LINCOLN CITY — Hungry folks in Lincoln City will once again be able to enjoy all the comforts of a homestyle meal cooked up at the Otis Cafe when it and its famous German potatoes makes their return in just a few months’ time.
The England family, owners of the Otis Cafe, are looking to reopen the restaurant and bakery in May, bringing all the comforts of grandma’s kitchen to a new location at 4618 SW Highway 101 in the Taft area of Lincoln City. The restaurant’s historic building in Otis was lost in a fire two years ago, and the family has been looking to rebuild ever since.
“Having been in our previous location for over 20 years, we had customers coming and going from Lincoln City, but things will be different here,” owner Jeff England said. “It’ll take us some time to discover a new flow. We’ll have to see how willing people will be to leave the line as they’re going north into town to stop here and pick up their bread.”
The original Otis Cafe at 1259 Highway 18 burned down on July 4, 2019, and the England family has been working to establish a new location. The family has owned the business, the name and the recipes for more than 20 years but rented the property where the original restaurant was located.
At first the Englands considered rebuilding at that same site, but eventually they decided to try something new and chose a location close to their home in Taft. They considered many possible sites in and around Lincoln City, but eventually settled on the location in Taft when it became available during the search.
The Echo Mountain Complex fire also put some major delays on the new building, with Jeff stating a lot of the local workers he had lined up for the project found themselves or their families caught up in the emergency.
When the new building is finally finished, the original menu will be making a return, featuring both the restaurant’s filling sit-down meals and its to-go baked goodies.
“Our food is like coming home to grandma’s house,” said Tye England, Jeff’s son. “It’s down home, good American food that fills you up, and people regularly come in for things like our German potatoes, hash browns, heaped on a plate with onions and covered in cheese. Good hearty food.”
According to Jeff, the Otis Cafe’s bakery has been just as missed as its restaurant. The family has kept up that part of the business partially in its home kitchen as a certified domestic bakery, often selling goods at the local fair or online.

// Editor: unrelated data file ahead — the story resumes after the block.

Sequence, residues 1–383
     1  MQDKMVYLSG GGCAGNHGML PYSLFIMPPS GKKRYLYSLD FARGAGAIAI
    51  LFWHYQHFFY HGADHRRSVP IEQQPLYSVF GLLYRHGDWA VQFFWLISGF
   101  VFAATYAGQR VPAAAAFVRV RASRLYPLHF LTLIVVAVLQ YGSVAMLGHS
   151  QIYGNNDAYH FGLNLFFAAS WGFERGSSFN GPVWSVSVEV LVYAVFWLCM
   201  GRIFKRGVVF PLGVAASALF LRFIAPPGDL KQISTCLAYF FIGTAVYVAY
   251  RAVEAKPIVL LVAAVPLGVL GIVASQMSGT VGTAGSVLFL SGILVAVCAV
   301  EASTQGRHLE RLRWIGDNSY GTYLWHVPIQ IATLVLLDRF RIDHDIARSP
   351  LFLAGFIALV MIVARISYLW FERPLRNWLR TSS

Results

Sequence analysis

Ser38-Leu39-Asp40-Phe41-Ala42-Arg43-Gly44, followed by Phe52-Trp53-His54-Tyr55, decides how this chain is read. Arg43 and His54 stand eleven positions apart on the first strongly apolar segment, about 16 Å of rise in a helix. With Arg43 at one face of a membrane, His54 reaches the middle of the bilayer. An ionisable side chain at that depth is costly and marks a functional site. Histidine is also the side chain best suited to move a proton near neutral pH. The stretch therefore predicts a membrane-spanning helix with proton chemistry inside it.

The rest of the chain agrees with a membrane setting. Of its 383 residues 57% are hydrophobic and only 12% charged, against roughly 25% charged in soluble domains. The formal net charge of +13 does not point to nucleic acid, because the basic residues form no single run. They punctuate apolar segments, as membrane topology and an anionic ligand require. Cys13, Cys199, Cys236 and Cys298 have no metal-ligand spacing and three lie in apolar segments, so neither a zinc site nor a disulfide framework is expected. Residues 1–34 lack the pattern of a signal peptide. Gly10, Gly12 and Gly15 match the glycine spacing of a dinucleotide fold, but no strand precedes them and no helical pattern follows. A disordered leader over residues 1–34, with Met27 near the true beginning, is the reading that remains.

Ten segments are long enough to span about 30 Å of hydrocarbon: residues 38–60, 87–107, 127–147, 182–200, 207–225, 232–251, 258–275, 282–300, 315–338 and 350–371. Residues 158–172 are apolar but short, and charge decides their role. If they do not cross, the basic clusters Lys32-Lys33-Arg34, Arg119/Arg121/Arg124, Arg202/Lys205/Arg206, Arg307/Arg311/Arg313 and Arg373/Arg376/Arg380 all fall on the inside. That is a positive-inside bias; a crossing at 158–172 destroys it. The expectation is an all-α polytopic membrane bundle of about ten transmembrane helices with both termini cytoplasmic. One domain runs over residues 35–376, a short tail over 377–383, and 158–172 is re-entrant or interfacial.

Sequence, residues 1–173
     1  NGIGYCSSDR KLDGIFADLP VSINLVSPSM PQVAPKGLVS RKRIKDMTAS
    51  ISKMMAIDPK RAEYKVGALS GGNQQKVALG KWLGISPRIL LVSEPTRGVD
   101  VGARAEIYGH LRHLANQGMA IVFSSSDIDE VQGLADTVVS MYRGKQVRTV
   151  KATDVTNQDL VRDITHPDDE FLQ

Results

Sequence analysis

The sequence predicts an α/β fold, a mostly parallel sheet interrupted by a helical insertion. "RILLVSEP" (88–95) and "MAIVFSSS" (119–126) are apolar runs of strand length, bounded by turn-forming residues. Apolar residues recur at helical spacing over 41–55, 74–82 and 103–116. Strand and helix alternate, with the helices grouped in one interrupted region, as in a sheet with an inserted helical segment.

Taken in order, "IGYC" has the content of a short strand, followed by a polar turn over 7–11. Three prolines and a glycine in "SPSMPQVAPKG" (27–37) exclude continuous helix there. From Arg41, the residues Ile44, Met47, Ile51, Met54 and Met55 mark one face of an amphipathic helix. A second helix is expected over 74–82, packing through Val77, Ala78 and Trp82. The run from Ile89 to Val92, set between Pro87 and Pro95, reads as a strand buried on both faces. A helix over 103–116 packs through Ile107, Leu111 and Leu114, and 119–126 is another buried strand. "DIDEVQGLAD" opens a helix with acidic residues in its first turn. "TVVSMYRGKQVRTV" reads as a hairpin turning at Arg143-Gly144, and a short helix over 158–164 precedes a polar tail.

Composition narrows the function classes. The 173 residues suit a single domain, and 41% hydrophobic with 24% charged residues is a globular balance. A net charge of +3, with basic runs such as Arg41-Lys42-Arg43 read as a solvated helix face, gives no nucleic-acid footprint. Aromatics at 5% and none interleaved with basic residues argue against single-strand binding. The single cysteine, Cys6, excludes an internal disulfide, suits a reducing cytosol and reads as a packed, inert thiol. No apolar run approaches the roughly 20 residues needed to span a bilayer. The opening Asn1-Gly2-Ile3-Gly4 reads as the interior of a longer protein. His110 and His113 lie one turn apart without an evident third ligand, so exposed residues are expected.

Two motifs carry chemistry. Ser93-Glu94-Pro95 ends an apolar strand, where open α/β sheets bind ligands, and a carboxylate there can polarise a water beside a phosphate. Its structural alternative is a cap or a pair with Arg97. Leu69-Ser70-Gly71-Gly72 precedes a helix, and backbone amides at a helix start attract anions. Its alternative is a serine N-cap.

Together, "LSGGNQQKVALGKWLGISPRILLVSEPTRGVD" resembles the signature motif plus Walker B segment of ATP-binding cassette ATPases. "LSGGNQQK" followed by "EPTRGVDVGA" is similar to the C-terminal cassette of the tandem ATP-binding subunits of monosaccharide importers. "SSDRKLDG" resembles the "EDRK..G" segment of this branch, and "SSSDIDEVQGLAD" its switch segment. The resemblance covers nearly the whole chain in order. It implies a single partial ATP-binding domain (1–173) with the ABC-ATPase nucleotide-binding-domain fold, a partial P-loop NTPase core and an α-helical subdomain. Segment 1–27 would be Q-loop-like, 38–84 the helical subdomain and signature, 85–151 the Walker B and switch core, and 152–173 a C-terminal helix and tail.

Since the fire put its bakery workspace out of commission, however, the family has found it hard to meet demand. Jeff said one of the biggest items people are clamoring to get again is the cafes black molasses bread. Jeff’s other son, Brant England, will be returning as baker when it reopens.
The Otis Cafe’s signature seasoning salt has also remained in high demand, with online orders coming in weekly from all over the country over the last two years.
The restaurant’s new building will seat a maximum of 60 people, more than twice as many as before, with booth and bar seating. The iconic Otis Cafe sign will also be returning after being salvaged from the old building after the fire.
Space at the previous restaurant was so limited, patrons would have to pass by the kitchen and bakery to reach the restrooms, witnessing staff hard at work on their way through. Jeff wanted to recapture that image, but made sure to do so in a way that was ADA compliant. The new location will have a window near the restrooms where patrons can peer through to see the kitchen and bakery staff hard at work.
“There was a joy and a welcomeness in doing what we did,” Jeff said. “I’d tell my crew, ‘We are a destination,’ and we want to maintain the feeling. It’s hard to put into words, but it’s that home feeling, that nostalgia. Is it going to be easy to recreate? I don’t know if it’s possible, but I want to try.”